Headache Treatment


Monday, September 6, 2010

Caffeine and Headache

Caffeine and Headache

Caffeine acts as a stimulant by displacing adenosine in the brain. Notice the similarity of the words “caffeine” and “adenosine”. Adenosine, you may remember from high school biology, is involved in ATP (adenosine triphosphate) and energy cycling in cells. However, the actions of caffeine are complex, and are not fully understood.

Excerpt from the Wikipedia Caffeine article relevant to headache:

“Because adenosine, in part, serves to regulate blood pressure by causing vasodilation, the increased effects of adenosine due to caffeine withdrawal cause the blood vessels of the head to dilate, leading to an excess of blood in the head and causing a headache and nausea. This means caffeine has vasoconstriction properties.[92] Reduced catecholamine activity may cause feelings of fatigue and drowsiness. A reduction in serotonin levels when caffeine use is stopped can cause anxiety, irritability, inability to concentrate, and diminished motivation to initiate or to complete daily tasks; in extreme cases it may cause mild depression. Together, these effects have come to be known as a "crash".[93]

Withdrawal symptoms — possibly including headache, irritability, an inability to concentrate, drowsiness, insomnia and pain in the stomach, upper body, and joints[94] — may appear within 12 to 24 hours after discontinuation of caffeine intake, peak at roughly 48 hours, and usually last from one to five days, representing the time required for the number of adenosine receptors in the brain to revert to "normal" levels, uninfluenced by caffeine consumption.”

Frequenly asked questions about caffeine and headache:
from Charles Matthews M.D.
Director, the North Carolina Comprehensive Headache Clinic

1) How do I know if caffeine is causing my headaches?

Caffeine probably does not cause headaches unless you are susceptible to it. However, a daily caffeine habit is probably the most common cause of worsening headaches.

2) What types of headaches are worsened by caffeine?

Tight muscle contraction morning headaches are the most common headaches caused by caffeine. In people suffering from migraine, daily use of caffeine usually first causes an additional low-grade morning headache, and then a gradual increase in the frequency and severity of intermittent migraines.

3) Does caffeine cause cluster headaches?

Caffeine does not appear to cause or affect cluster headaches. However, we have seen patients with well-defined cluster headache who develop an additional daily morning tight headache that resolves when caffeine is stopped.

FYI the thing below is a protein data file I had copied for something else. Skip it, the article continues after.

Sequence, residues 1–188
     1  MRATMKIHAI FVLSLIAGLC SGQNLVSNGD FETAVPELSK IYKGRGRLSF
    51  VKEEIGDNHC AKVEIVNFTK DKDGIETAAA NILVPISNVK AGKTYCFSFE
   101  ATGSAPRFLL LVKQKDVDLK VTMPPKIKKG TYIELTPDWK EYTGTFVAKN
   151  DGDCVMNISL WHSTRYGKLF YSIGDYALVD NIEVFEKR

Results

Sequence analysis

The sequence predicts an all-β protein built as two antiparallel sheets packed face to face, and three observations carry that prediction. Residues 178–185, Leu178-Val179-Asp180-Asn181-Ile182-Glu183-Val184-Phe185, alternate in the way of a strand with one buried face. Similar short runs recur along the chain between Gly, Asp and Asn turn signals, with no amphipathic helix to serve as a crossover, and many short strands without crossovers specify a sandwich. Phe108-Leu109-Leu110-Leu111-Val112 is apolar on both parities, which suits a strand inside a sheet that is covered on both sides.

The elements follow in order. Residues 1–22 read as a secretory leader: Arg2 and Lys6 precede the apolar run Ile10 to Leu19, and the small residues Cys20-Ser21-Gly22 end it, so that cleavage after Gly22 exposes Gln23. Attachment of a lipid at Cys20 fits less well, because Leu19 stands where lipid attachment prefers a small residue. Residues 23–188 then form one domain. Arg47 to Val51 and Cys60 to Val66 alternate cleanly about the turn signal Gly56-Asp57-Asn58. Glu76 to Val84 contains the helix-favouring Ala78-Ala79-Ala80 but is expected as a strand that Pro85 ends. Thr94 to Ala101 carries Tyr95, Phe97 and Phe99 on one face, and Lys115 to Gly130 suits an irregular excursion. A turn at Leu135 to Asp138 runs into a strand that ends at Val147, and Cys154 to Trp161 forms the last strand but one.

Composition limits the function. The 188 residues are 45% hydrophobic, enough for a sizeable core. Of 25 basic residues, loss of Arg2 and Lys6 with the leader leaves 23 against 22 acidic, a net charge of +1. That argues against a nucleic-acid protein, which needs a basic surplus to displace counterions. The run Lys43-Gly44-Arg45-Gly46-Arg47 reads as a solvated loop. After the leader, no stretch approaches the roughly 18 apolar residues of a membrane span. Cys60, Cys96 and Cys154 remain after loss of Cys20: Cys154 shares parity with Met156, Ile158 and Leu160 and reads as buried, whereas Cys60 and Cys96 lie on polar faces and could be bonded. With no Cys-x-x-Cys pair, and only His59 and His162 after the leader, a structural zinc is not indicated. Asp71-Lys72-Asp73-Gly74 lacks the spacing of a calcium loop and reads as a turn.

4) Is there a test to see if caffeine is causing some of my headaches?

Yes, you can completely stop caffeine for three days. If your headaches worsen durng that time, it’s certain you will benefit from stopping caffeine completely for a longer period of time.

5) Can I just cut down?

No, your receptors will not reset until you completely “cold-turkey” the caffeine. Actually, it’s necessary for your receptors to “complain”, to experience the withdrawal of caffeine, in order to “reset”. So, in caffeine withdrawal, no pain, no gain.

6) Do I have to stay off of caffeine forever?

That’s not necessary in most cases. Once your receptors have reset (typically three days, occasionally as long as a week) you can return to taking caffeine two days a week. In order to prevent the return of a caffeine habit and caffeine-withdrawal headaches, you must remain completely free of caffeine five days each week.

7) Why two days a week?

There’s no evidence that drinking caffeine two days each week will affect your headache frequency over time. But, at three days each week, the risk of returning to increased headache frequency rises.

8) What contains caffeine?

Coffee, teas (except some herbal teas), and soft drinks. Also, many OTC pain medications, such as Goody's Powders and Excedrin Migraine, also contain caffeine, so if you take one of these medications this counts as one of your caffeine days. So, one cup of coffee on Saturday, one on Sunday, and one Excedrin Migraine on Wednesday, and you’re over the limit.

9) Chocolate contains a little caffeine. Should I avoid chocolate too?

I think chocolate is fine. It seems to be the liquid forms of caffeine that are the problem. Unless you have noticed that chocolate triggers headache in you particularly, go ahead and enjoy all you like. I’m a Headache Specialist, not the food police!

10) How about decaf drinks?

Decaf sodas are fine. (Some, however, are sensitive to artificial sweeteners which contain substances that act like excitatory neurotransmitters and may worsen headache.) I’m a little hesitant to say it, but probably decaf coffee and tea don’t cause problems in people who are not already addicted to caffeine; if you are trying to withdraw from caffeine, yo’ull have to avoid decaf coffee and tea too.